This study adopted a mixed-method approach employing qualitative and quantitative research6 to identify the state and development of raising TN cattle and to investigate the problems and needs of cattle farmers in Sakon Nakhon. The procedure included document reviews and focus group interviews and participatory rural appraisal evaluations for a strengths, weaknesses, opportunities and threats (SWOT) analysis of the process of raising TN cattle. A vision statement, a set of responsibilities, a set of applicable strategies and a master plan to develop the competence of farmers for raising TN cattle were created. In-depth interviews were conducted among 30 leading farmers who raise TN cattle, along with multilateral group interviews and questionnaires focused on identifying potential factors relevant to raising TN cattle. The collected data were used to form a database for developing procedures to raise TN cattle7. Secondary data collected from Sakon Nakhon Meteorological Station, Department of Meteorological in Sakon Nakhon over three years (2009-2011) were used in a least-squares analysis.

A model was applied for farmers in Sakon Nakhon through a workshop aimed at improving the development of practices for raising TN cattle. The model included a sample population consisting of TN cattle farmers who were members of the Sakon Nakhon Provincial Livestock Office. Samples were composed of groups of 40 cattle farmers; 1 farmer was selected from each community by using a stratified random sampling technique8.

The instruments employed in this study included a test of training achievement, a satisfaction questionnaire and a training evaluation form. This study was conducted from March-May 2013.


Weather-related factors: The temperature-humidity index (THI) value was 78.40±5.62 on average and 82.34±6.72 in the summer, as shown in Table 1.

General physical characteristics of TN cattle: According to the interviews with the farmers, TN cattle have general and physical characteristics and related behaviors that sometimes change across the rainy season, winter and summer.

Table 1:Mean of least square of the factors on weather in the years 2009-2011

Table 2:Opinions of the farmers on the cattle’s physical change based on various seasons

Table 3:Mean of the farmers’ perception on the general, physical and reproductive characteristics

While some farmers reported changes in cattle behaviors (e.g., rumination, panting, getting up and walking to drink water and resting); most farmers reported no change in these behaviors; the percentages reporting no change were 86.67, 76.67, 80.00 and 73.33, respectively, for those behaviors, as shown in Table 2.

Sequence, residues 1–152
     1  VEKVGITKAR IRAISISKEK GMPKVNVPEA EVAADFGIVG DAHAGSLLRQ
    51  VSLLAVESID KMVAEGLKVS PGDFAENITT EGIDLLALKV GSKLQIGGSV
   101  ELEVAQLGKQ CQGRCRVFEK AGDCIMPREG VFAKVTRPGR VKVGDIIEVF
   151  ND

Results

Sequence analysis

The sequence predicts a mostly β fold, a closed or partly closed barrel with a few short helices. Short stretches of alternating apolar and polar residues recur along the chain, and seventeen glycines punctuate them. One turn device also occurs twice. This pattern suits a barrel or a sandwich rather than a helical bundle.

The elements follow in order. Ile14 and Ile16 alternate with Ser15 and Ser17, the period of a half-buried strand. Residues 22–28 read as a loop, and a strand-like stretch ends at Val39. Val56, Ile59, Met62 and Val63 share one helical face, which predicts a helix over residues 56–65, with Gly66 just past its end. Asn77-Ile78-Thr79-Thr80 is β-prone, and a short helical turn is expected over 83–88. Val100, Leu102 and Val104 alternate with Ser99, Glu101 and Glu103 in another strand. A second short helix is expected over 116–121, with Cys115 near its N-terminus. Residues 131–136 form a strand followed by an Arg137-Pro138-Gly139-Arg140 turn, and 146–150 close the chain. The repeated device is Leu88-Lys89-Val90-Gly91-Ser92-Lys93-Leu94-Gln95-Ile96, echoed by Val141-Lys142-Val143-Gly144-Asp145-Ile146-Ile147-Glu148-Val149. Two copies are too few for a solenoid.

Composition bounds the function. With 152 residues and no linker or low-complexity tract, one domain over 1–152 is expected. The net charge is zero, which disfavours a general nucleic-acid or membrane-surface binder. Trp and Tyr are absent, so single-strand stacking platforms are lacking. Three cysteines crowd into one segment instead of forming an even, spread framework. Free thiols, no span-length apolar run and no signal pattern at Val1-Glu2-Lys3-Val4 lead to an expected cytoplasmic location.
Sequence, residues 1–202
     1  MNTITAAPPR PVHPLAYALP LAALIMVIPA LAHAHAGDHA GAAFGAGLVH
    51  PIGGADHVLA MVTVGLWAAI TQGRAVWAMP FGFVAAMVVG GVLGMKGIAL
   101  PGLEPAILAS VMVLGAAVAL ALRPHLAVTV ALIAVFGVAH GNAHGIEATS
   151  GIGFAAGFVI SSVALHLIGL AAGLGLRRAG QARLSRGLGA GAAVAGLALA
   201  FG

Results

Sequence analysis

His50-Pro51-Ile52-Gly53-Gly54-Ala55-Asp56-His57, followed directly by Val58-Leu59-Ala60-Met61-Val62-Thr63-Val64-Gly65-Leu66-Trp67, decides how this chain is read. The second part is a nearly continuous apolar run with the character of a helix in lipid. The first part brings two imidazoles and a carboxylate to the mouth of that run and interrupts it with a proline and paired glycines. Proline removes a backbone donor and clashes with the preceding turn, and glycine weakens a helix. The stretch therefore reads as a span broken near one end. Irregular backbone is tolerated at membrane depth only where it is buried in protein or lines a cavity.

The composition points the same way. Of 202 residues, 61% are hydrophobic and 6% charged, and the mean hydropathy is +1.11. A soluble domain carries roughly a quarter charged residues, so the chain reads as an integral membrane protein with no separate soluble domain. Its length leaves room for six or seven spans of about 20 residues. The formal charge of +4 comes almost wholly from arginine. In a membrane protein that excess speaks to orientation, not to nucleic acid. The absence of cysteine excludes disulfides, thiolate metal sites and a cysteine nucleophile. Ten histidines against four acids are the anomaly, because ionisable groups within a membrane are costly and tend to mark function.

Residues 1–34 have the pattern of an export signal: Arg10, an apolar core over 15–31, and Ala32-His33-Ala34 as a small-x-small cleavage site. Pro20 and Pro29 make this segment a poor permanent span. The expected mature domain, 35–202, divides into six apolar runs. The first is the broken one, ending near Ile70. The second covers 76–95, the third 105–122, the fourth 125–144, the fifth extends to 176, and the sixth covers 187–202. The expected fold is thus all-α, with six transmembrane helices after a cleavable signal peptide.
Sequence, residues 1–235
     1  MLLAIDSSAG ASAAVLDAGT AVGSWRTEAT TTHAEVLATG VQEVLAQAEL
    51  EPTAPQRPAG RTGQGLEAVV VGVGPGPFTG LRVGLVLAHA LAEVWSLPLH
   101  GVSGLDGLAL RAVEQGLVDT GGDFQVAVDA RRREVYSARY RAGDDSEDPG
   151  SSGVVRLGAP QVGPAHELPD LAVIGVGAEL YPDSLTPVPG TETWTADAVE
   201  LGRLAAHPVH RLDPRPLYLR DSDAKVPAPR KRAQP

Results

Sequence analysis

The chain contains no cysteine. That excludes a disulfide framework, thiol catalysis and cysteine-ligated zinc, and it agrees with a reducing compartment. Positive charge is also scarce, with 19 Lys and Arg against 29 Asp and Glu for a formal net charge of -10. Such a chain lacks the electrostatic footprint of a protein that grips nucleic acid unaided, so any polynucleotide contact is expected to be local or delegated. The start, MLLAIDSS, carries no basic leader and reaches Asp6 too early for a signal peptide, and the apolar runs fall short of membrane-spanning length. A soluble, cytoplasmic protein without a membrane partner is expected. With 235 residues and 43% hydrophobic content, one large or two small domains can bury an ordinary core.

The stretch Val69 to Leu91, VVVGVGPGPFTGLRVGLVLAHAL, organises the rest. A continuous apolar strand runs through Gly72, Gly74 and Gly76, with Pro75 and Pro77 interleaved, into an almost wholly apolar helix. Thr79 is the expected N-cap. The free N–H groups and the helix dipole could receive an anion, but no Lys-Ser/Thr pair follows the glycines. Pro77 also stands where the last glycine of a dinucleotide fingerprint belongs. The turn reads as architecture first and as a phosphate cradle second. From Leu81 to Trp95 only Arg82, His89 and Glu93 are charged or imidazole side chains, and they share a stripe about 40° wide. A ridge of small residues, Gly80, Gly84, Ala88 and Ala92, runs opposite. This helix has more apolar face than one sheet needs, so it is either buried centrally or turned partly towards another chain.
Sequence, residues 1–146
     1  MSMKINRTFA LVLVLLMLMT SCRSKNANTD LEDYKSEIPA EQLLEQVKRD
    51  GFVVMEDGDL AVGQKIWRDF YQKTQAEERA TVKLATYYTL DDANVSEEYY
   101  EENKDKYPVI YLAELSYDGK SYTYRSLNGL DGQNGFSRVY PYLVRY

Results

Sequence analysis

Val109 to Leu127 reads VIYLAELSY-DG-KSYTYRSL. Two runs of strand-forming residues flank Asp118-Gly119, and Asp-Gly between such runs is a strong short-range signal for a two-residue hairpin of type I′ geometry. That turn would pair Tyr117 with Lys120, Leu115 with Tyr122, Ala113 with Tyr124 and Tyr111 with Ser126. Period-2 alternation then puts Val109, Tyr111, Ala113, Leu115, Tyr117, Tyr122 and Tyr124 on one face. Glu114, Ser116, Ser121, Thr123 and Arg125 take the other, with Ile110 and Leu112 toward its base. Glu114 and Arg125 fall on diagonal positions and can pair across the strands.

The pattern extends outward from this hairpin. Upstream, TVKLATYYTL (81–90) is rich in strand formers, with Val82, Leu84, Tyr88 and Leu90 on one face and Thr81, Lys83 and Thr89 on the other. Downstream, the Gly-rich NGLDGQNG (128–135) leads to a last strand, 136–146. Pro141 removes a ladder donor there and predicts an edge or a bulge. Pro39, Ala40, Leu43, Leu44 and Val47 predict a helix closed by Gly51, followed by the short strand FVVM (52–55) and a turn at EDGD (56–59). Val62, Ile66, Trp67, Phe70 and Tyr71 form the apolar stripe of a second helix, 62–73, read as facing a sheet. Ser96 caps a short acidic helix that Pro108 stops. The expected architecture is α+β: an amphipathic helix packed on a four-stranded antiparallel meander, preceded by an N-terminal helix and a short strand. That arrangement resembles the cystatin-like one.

Table 3 summarizes the opinions of farmers regarding the general, physical and reproductive characteristics of TN cattle. The overall rating of these opinions was 4.63±0.26, belonging to the highest level. The mean rating of the general characteristics of the cattle was 4.79±0.25, also at the highest level. The mean rating of the reproductive characteristics of TN cattle was 4.5 ± 0.37, again at the highest level.

The state of raising TN cattle and problems and needs of farmers: In-depth interviews of farmers showed that most farmers identified 22-28 problems and 24-30 needs for raising TN cattle, as shown in Table 4.

Table 4:Percentage of problems and needs of thai native cattle development

Focus group results: A focus group study was conducted, consisting of multilateral groups of researchers, including faculty and staff of Sakon Nakhon Rajabhat University, a group of government officials, animal husbandry academics and veterinarians and community groups, farmers and other sources of local knowledge. The results of the meeting were as follows:

State of raising TN cattle: The system of raising TN cattle included grazing on natural feed in public grazing fields and the main roughage was hay obtained from rice fields. These methods are conducive to plant growth because they generate manure as a byproduct and it contributes positively. Overall, raising TN cattle was found to be beneficial for society, community and the farmers' way of life in the studied locality

Cattle were allowed to graze naturally and freely on the grass on nearby hills or mountains during the rainy season. These cattle naturally sought hay or herbs as feed in the mountains. The cattle sometimes acquired diseases but they recovered over time because some of their feed can be considered medicinal. The cattle were visited and examined once per month. The farmers never feared that their cattle would be stolen, possibly due to the mutual relationships and trust among the farmers. Additionally, cattle run away from people they do not trust and they recognize their owners’ voices. In the dry season or summer, cattle were fed in fields closer to their homes. Merchants visited the farms to negotiate cattle prices, confident that they would obtain cattle that would yield quality beef.

Physical characteristics and features of TN cattle: TN cattle are small size, slow growth, small ears and diverse colors (red, spotted, black, or yellow). The animals are quick and easily excited. The advantages of TN cattle are that they are easy to feed, resistant to diseases and insects, easily bred, give birth to calves every year and provide delicious and inexpensive beef. TN cattle are docile, strong and quick and have good heat tolerance and high fertility. Female TN cattle are highly fertile, give birth to calves easily, raise their calves well, tend to give birth to multiple calves and, most importantly, live long lives.